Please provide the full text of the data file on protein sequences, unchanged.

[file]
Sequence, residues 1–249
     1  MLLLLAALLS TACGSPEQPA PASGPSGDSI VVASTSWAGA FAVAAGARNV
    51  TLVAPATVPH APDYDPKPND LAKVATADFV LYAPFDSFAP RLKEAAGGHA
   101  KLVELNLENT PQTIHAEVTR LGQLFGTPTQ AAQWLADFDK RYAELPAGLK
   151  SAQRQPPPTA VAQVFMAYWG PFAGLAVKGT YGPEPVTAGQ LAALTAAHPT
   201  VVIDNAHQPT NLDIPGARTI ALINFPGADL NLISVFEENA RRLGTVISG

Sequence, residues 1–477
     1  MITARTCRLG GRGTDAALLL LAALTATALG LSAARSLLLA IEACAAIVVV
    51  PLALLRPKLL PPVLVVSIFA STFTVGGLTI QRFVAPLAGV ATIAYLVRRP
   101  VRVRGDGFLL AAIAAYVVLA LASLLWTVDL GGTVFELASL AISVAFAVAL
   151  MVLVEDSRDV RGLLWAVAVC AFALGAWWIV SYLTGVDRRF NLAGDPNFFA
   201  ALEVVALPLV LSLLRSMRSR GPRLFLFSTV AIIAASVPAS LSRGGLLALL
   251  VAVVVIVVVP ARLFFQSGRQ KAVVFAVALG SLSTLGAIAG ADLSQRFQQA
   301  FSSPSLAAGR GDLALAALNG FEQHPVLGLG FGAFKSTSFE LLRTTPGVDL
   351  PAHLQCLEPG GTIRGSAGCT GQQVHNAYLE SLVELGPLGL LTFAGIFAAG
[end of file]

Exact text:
Sequence, residues 1–249
     1  MLLLLAALLS TACGSPEQPA PASGPSGDSI VVASTSWAGA FAVAAGARNV
    51  TLVAPATVPH APDYDPKPND LAKVATADFV LYAPFDSFAP RLKEAAGGHA
   101  KLVELNLENT PQTIHAEVTR LGQLFGTPTQ AAQWLADFDK RYAELPAGLK
   151  SAQRQPPPTA VAQVFMAYWG PFAGLAVKGT YGPEPVTAGQ LAALTAAHPT
   201  VVIDNAHQPT NLDIPGARTI ALINFPGADL NLISVFEENA RRLGTVISG

Sequence, residues 1–477
     1  MITARTCRLG GRGTDAALLL LAALTATALG LSAARSLLLA IEACAAIVVV
    51  PLALLRPKLL PPVLVVSIFA STFTVGGLTI QRFVAPLAGV ATIAYLVRRP
   101  VRVRGDGFLL AAIAAYVVLA LASLLWTVDL GGTVFELASL AISVAFAVAL
   151  MVLVEDSRDV RGLLWAVAVC AFALGAWWIV SYLTGVDRRF NLAGDPNFFA
   201  ALEVVALPLV LSLLRSMRSR GPRLFLFSTV AIIAASVPAS LSRGGLLALL
   251  VAVVVIVVVP ARLFFQSGRQ KAVVFAVALG SLSTLGAIAG ADLSQRFQQA
   301  FSSPSLAAGR GDLALAALNG FEQHPVLGLG FGAFKSTSFE LLRTTPGVDL
   351  PAHLQCLEPG GTIRGSAGCT GQQVHNAYLE SLVELGPLGL LTFAGIFAAG